Having married and taken on a new last name, I recently had the pleasure of diving into a whole lot of paperwork. Or rather, diving online, as most of this bureaucracy has become electronic in the past few years – though this doesn’t really make it any easier.
Security-driven regulations have increased considerably, with biometric data continuously being taken. For example, photographers of passport photos have to be real specialists today – the size of the photo as well as your head on it have to be exact, and you need to look straight into the camera with your hair back, but do not smile! Border officials should not be distracted by a friendly face when trying to spot potential criminals...
Even the smallest municipality in Germany’s countryside is now equipped with devices to take citizen’s fingerprints – just place your right index finger, then your left finger on the scanner. No ink, that’s it.
This made me think a bit about current security developments.
The applications of biometric technology have only just begun. For example, the authorities at the upcoming Olympic Games in Beijing will do their best to prevent ‘fake athletes’ from attending, as biometric technology has been used since Athens 2004 as a security measure against potential attacks. Another prominent example is Walt Disney World - in order to stamp out resold park passes, visitors must now leave their scanned fingerprints in the Disney security system.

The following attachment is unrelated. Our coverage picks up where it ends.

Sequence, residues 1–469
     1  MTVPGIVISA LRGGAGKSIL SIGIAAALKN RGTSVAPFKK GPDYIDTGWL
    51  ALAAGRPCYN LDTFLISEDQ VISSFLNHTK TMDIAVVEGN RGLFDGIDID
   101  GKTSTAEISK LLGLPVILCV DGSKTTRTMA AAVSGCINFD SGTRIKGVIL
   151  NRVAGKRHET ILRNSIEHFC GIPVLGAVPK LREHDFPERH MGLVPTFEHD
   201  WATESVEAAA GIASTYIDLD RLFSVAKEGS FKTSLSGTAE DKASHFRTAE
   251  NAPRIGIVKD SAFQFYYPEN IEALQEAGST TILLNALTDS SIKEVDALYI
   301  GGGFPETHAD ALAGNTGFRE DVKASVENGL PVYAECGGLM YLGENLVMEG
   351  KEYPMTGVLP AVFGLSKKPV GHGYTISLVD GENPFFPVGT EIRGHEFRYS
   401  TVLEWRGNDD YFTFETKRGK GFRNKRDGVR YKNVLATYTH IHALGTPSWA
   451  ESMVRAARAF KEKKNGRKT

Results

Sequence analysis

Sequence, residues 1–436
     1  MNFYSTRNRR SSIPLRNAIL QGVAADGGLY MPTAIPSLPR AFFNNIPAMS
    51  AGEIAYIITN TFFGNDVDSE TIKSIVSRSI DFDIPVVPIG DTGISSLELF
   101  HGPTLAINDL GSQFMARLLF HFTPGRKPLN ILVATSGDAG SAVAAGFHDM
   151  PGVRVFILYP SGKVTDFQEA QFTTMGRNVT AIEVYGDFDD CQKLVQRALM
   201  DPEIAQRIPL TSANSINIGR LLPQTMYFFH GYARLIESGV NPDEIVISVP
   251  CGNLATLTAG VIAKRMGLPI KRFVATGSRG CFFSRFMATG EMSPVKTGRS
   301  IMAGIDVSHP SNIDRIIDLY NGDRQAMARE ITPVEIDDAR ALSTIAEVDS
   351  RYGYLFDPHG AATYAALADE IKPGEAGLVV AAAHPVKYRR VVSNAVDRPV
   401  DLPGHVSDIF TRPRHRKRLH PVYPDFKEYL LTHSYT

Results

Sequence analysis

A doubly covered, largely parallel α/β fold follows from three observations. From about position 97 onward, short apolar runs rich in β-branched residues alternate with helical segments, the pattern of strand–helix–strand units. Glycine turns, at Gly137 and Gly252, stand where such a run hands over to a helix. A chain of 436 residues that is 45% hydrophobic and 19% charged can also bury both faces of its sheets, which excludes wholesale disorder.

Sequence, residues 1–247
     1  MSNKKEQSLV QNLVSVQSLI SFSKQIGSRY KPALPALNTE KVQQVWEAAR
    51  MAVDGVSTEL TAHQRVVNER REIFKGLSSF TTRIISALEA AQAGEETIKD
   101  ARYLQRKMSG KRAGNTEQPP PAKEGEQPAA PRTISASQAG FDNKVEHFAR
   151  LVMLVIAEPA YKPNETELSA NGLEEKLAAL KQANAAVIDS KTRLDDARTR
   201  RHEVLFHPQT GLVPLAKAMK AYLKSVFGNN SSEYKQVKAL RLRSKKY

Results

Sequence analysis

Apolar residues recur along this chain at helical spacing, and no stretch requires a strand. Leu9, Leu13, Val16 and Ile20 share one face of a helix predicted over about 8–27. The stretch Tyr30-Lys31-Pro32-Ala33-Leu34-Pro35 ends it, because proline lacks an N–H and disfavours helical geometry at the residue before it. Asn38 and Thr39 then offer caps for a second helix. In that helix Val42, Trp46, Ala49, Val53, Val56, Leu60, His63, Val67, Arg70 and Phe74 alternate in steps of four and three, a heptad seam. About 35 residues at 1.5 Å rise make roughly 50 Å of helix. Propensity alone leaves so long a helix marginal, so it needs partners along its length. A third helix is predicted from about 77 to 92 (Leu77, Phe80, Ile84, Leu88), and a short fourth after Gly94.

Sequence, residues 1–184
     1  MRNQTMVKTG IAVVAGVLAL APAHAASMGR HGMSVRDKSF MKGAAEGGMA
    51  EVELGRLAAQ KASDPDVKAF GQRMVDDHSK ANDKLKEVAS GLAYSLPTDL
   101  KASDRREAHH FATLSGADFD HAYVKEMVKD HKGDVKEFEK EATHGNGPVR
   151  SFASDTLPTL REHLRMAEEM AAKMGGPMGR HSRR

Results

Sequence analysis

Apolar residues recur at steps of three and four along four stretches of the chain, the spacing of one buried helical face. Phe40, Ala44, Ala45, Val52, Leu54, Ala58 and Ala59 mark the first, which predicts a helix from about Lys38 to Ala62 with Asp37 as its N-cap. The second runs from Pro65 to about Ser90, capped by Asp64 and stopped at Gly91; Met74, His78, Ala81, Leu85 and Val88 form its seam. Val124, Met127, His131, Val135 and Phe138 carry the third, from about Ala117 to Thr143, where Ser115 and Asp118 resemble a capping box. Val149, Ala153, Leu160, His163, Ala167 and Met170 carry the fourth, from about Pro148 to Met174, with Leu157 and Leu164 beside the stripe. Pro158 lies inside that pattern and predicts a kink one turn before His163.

However, characteristics such as palm structure, lip movements, keystroke dynamics, brain waves and more have barely been explored. The problem is that many believe the misuse of biometric information can never be completely avoided.
To prove this, German hacker group “Chaos Computer Club” published a fingerprint of our Home Secretary Wolfgang Schäuble in its magazine Die Datenschleuder. Vendors, therefore, are continually being challenged to better protect this data.
It’s certainly a controversial subject, but sometimes it’s easy to forget that most of these measures are ultimately designed to increase our security – and there’s nothing wrong with that. After all, wouldn’t it actually be really nice to feel completely secure when travelling, attending large events, accessing your employer’s network or making purchases via the internet?